PGR, IPR, and CBMPR Rules Amended Effective May 2, 2016


Rule 37 CFR 42.11 has been amended to provide for sanctions against parties and attorneys:



Pages Limits

The 60 page limit for a IPR Petiton has been replaced with a limit of 14,000 words (37 CFR 42.24(a)(i), and 60 page limit of the Patent Owner Preliminary Response, and Response are likewise replaced with a 14,000 word limit (37 CFR 42.24(b)(1), (2)).  The 80 page limit for a PGR or CBMPR Petition has been replaced with a limit of 18,700 words (37 CFR 42.24(a)(ii), (iii)), and the 80 page limit of the Patent Owner Preliminary Response, and Response are likewise replaced with a 18,700 word limit (37 CFR 42.24(b)(1), (2)).. These word counts do not include the table of contents, table of authorities, grounds for standing under § 42.104, § 42.204, or § 42.304, mandatory notices under § 42.8, a certificate of service or word count, or appendix of exhibits or claim listing.  Where a paper is limited by a word count, the paper must include a certification as to the word count

The page limit for motions to amend is bumped to 25 pages (37 CFR 42.24(a)(vi)), as is the Petitioner’s Opposition (37 CFR 42.24(b)(d), and the reply to an opposition to a motion to amend is bumped to 12 pages (37 CFR 42.24(c)(3)).


You now have to serve your demonstrative exhibits two days earlier — seven days before oral argument.  37 CFR 42.70(b).


The USPTO still insists on applying BRI to all claims, in all proceedings, except if the patent will expire within 18 months from the entry of the Notice of Filing Date Accorded to Petition, and the Patent Owner makes a timely motion.  37 CFR 42.100(b); 37 CFR 42.200(b); 37 CFR 42.300(b).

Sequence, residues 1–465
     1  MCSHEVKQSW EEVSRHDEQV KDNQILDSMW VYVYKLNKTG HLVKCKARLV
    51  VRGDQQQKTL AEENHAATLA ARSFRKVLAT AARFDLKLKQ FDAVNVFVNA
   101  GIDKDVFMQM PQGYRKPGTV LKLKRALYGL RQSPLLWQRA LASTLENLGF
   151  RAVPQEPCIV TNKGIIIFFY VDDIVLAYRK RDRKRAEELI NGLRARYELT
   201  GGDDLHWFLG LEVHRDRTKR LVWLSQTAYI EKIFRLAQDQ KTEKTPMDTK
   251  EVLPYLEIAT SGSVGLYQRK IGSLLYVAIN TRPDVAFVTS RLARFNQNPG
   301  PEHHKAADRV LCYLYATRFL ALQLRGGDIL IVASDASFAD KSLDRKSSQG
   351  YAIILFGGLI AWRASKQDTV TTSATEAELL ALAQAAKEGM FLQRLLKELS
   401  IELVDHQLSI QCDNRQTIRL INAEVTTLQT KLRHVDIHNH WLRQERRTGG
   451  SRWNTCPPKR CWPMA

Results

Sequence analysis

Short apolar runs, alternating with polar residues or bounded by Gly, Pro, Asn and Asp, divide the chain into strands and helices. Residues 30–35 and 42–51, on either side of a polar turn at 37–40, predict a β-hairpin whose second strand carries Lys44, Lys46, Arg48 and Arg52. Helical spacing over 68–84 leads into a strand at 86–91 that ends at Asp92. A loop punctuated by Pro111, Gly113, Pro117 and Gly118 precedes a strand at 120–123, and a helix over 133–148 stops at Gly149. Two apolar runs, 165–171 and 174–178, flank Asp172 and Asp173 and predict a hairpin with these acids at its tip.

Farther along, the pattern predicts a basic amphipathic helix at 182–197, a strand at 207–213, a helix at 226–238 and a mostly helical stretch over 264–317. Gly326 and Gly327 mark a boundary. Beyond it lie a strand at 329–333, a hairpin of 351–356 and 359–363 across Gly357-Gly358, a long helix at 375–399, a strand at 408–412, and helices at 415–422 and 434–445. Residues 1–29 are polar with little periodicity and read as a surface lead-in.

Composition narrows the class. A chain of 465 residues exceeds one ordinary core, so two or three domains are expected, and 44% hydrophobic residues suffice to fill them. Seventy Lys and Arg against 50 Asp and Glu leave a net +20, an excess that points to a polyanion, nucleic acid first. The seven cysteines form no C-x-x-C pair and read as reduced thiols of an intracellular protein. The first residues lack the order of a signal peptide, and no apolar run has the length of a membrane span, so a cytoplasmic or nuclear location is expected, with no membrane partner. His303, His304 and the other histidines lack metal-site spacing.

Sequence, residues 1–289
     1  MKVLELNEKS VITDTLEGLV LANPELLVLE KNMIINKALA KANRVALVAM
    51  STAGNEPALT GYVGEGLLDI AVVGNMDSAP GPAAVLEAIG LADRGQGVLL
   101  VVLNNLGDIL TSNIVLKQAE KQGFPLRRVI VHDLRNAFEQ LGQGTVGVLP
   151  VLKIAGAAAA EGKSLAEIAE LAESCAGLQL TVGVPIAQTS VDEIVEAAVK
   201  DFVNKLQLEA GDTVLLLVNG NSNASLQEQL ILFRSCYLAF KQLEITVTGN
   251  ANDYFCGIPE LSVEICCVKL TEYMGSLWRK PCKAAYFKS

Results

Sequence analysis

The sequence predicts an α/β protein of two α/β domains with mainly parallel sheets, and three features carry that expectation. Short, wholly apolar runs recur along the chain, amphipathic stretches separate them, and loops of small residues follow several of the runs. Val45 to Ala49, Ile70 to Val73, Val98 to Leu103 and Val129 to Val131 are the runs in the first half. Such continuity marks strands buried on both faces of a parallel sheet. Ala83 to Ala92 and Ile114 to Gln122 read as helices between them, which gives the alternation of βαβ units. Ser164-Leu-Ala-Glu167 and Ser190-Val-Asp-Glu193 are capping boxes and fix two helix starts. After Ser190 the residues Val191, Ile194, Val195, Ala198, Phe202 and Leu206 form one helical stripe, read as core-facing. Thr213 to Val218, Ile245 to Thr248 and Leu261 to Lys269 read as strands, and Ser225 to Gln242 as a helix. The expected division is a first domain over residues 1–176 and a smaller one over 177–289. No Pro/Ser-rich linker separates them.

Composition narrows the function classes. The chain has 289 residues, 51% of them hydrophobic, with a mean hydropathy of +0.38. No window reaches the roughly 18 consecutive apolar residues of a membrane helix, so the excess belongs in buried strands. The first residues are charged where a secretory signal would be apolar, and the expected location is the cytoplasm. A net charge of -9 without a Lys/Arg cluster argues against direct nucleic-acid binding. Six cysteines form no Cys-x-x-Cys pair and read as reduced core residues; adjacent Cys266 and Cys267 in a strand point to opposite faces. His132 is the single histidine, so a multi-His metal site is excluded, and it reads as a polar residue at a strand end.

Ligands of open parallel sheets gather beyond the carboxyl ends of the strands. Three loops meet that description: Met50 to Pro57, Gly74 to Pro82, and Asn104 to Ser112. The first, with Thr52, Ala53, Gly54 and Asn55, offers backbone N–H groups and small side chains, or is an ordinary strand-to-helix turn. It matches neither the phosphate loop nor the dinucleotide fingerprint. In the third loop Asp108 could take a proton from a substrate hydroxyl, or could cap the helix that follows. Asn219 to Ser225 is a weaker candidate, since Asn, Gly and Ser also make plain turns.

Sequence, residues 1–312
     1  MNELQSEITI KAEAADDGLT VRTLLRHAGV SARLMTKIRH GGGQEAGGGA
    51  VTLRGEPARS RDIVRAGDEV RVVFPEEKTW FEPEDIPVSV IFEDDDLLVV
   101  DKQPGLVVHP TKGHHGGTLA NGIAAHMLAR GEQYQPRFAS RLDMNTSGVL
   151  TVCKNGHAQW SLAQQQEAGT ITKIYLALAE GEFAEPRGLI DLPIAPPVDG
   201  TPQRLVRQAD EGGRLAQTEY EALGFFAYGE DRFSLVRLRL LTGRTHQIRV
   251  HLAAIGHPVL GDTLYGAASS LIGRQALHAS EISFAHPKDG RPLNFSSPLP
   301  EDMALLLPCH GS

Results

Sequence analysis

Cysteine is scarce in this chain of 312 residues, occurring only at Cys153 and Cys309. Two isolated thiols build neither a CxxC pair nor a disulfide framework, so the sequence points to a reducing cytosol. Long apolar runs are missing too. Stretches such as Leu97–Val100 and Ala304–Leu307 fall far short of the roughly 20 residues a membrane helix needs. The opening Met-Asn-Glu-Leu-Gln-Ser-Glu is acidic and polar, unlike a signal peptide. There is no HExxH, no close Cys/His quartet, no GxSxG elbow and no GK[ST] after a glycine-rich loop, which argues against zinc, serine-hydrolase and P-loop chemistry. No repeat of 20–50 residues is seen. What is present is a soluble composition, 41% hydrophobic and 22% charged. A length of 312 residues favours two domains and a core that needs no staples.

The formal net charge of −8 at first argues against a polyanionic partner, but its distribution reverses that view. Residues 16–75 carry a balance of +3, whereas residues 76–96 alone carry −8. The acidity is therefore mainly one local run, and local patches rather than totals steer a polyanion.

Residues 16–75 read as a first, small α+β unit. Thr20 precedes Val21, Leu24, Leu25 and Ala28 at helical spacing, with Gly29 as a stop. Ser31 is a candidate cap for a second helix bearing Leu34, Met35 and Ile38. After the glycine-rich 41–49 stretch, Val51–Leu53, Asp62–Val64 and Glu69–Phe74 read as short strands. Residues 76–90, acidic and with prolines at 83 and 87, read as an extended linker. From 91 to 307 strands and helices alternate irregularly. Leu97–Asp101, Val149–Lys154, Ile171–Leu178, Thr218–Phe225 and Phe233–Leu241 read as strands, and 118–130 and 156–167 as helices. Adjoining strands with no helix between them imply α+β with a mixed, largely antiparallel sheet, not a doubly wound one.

Bar Against Testimony in a Preliminary Response Removed

The bar against the submission of testimony to support a Preliminary Response has been removed.  37 CFR 42.107(c) and 37 CFR 42.207(c) have been removed.  While testimony can be submitted with a Preliminary Response, any genuine issue of material fact created by such testimonial evidence will be viewed in the light most favorable to the petitioner solely for purposes of deciding whether to institute an inter partes review.  37 CFR 42.108(c);  37 CFR 42.208(c)


Posted in IPR

Estoppel Does Not Apply to Uninstituted Grounds in an IPR

In Shaw Industries Group, Inc. v. Automated Creel Systems, Inc., [2015-1116, -1119] (March 23, 2016), the Federal Circuit affirmed in part, vacated-in-part, and remanded the USPTO’s final written decision regarding claims 1-21 of U.S. Patent No. 7,806,360 relating to  “creels” for supplying yarn and other stranded materials to a manufacturing process.

Shaw challenged the Board’s institution decision that refused to consider one of the proffered grounds of unpatentability as redundant.  The Federal Circuit noted that the Board did not consider the substance of the cited reference, or compare it to the other cited art, nor did the Board make specific findings that the grounds overlapped or even involved overlapping arguments. Instead the Board merely denied the ground as redundant.  While pointing out that it may not agree with the Board’s handling of the Petition, or that the Board’s handling was more efficient, the Federal Circuit said it had no authority to review the Board’s decision not to institute.  Shaw persisted and requested a writ of mandamus, but the Federal Circuit found that Shaw had not shown it was entitled this extraordinary remedy, rejecting the Shaw’s argument that it had no other adequate means to attain the desired relief, because it would be estopped to raise the redundant grounds that the Board refused to hear.

The Federal Circuit held that §315(e) would not estop Shaw from re-raising the redundant grounds in either the PTO or the district courts. The Federal Circuit said that both parts of § 315(e) create estoppel for arguments “on any ground that the petitioner raised or reasonably could have raised during that inter partes review.” Shaw raised the redundant ground in its petition for IPR, but the PTO denied the petition as to that ground, thus no IPR was instituted on that ground, and the IPR does not begin until it is instituted.